The conference is organised as three parallel symposia on each of Monday and Tuesday. Each symposium has a theme and a fixed structure.
We start with an introductory talk. If you don't need an introduction to your preferred symposium you can take the opportunity to sit in on an introduction to one of the subjects with which you are less familiar.
The symposium continues with expository talks from speakers that are intimately familiar with the subject, either because they built it, or because they are experienced users of it.
We conclude the symposium with a panel discussion: Here's where the experts can challenge each other on the direction the industry is taking - or should be taking.
We'll be looking at how developments in J2EE (Java 2 Enterprise Edition) support programming in the large, and how networks of interacting object-oriented systems can be made robust and secure while giving you the performance you need today and tomorrow.
Scalable and Grid Computing (J2EE)
This symposium is about what it takes to build an architecture that scales to large applications. If your problem domain needs large numbers of CPUs and large numbers of machines you need to build a software system that can take advantage of 'big iron' hardware or grid computing - an application that distributes itself without getting bogged down by communications overhead or performance bottlenecks.
How to deliver the power and benefits of object-oriented technology to the exploding world of con-sumer and embedded devices? Systems in cars, phones and handhelds need a flexible user interface, a robust security model, and support for networked and disconnected applications. Learn how to build mobile and embedded applications - downloading them dynamically, and making optimal use of each device's native capabilities.
Software Process Improvement (SPI)
With the rise of "agile" and lightweight programming methods such as eXtreme Programming this symposium takes a look at where the new paradigms stand in relation to more traditional models as exemplified by CMMI, the latest revision of the Capability Maturity Model. Does the disciplined approach of CMMI conflict with the agility needed when developing network-based systems of of interlocking services, and can agile development methodologies scale to projects with several hundred or even thousand developers? Is it possible to combine both SPI directions for a best-of-both-worlds synthesis? We'll be hearing from experts from both sides of the divide, if indeed there is one!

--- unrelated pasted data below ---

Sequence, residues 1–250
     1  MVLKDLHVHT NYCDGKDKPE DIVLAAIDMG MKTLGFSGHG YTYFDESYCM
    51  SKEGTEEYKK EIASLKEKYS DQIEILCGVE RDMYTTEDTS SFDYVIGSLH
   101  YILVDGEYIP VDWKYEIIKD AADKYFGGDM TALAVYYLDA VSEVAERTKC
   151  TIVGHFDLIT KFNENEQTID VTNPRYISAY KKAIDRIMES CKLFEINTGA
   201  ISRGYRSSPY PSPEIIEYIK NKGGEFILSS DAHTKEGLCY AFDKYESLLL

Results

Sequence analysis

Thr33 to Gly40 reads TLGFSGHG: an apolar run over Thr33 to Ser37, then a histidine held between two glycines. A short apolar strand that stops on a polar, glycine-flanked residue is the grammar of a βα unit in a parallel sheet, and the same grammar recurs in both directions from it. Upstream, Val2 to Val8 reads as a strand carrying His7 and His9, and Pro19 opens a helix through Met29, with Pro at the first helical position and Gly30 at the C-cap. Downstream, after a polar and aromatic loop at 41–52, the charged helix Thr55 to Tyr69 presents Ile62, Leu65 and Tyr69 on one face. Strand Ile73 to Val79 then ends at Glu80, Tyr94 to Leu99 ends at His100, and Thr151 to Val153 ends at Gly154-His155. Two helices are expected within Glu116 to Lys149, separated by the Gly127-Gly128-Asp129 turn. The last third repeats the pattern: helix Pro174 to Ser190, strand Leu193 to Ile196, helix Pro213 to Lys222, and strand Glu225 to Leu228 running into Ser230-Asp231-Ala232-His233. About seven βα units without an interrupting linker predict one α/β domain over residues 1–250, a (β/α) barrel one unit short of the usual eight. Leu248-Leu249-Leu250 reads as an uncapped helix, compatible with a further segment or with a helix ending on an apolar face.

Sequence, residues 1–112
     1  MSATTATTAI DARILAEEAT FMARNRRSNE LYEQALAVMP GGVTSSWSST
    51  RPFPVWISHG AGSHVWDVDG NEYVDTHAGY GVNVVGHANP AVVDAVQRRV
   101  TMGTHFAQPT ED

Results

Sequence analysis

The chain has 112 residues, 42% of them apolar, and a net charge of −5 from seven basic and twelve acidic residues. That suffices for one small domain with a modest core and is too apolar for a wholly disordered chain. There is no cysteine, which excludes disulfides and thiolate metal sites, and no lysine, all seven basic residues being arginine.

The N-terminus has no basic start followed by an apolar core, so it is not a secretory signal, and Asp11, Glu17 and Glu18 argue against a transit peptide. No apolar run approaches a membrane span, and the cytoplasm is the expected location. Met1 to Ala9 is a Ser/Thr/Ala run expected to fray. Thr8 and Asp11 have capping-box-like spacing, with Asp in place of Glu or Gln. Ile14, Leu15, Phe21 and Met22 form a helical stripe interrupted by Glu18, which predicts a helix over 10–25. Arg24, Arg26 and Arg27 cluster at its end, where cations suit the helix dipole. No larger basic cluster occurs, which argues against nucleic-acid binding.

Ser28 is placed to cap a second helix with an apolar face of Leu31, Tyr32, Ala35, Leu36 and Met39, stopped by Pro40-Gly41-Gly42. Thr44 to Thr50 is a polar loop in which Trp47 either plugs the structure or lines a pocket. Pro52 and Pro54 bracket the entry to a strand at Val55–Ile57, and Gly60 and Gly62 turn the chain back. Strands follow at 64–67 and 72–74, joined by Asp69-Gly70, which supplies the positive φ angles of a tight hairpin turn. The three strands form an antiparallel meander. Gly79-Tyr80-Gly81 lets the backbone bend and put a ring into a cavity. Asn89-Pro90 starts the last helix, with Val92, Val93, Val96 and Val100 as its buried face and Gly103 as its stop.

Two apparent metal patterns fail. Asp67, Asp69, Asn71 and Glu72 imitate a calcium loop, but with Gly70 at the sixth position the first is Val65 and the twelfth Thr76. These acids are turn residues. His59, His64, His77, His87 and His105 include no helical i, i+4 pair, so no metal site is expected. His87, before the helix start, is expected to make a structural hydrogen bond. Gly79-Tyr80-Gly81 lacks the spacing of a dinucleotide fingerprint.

Model Driven Architecture (MDA)
Object-oriented design focuses on building a model of the application domain from which we can generate the application. Ideally, we build a model in UML, refining it until we reach the point where code can be generated - perhaps even automatically. In this symposium we’ll be looking at how far the model-driven approach can take us, where it stands relative to code-driven approaches and how to resolve the apparent conflict between making development iterative and having the final goal in mind.
SOA - Service-Oriented Architectures
This symposium is about the movement of the ubiquitous SAP platform towards a service-oriented model where the previous 'closed world' of the mono-lithic application server is opened up with a multitude of externally accessible services based on object-oriented open standards. The talks will look at the requirements for flexibility and resiliency imposed by a services oriented architecture, and how enterprise application platforms can be adapted to a new open structure.
Tiger Release (J2SE)
J2SE version 1.5 ("Tiger") is the next major revision of the Java platform and language. Currently in beta testing, it is slated to contain 15 component JSRs and nearly 100 other significant updates developed through the Java Community Process.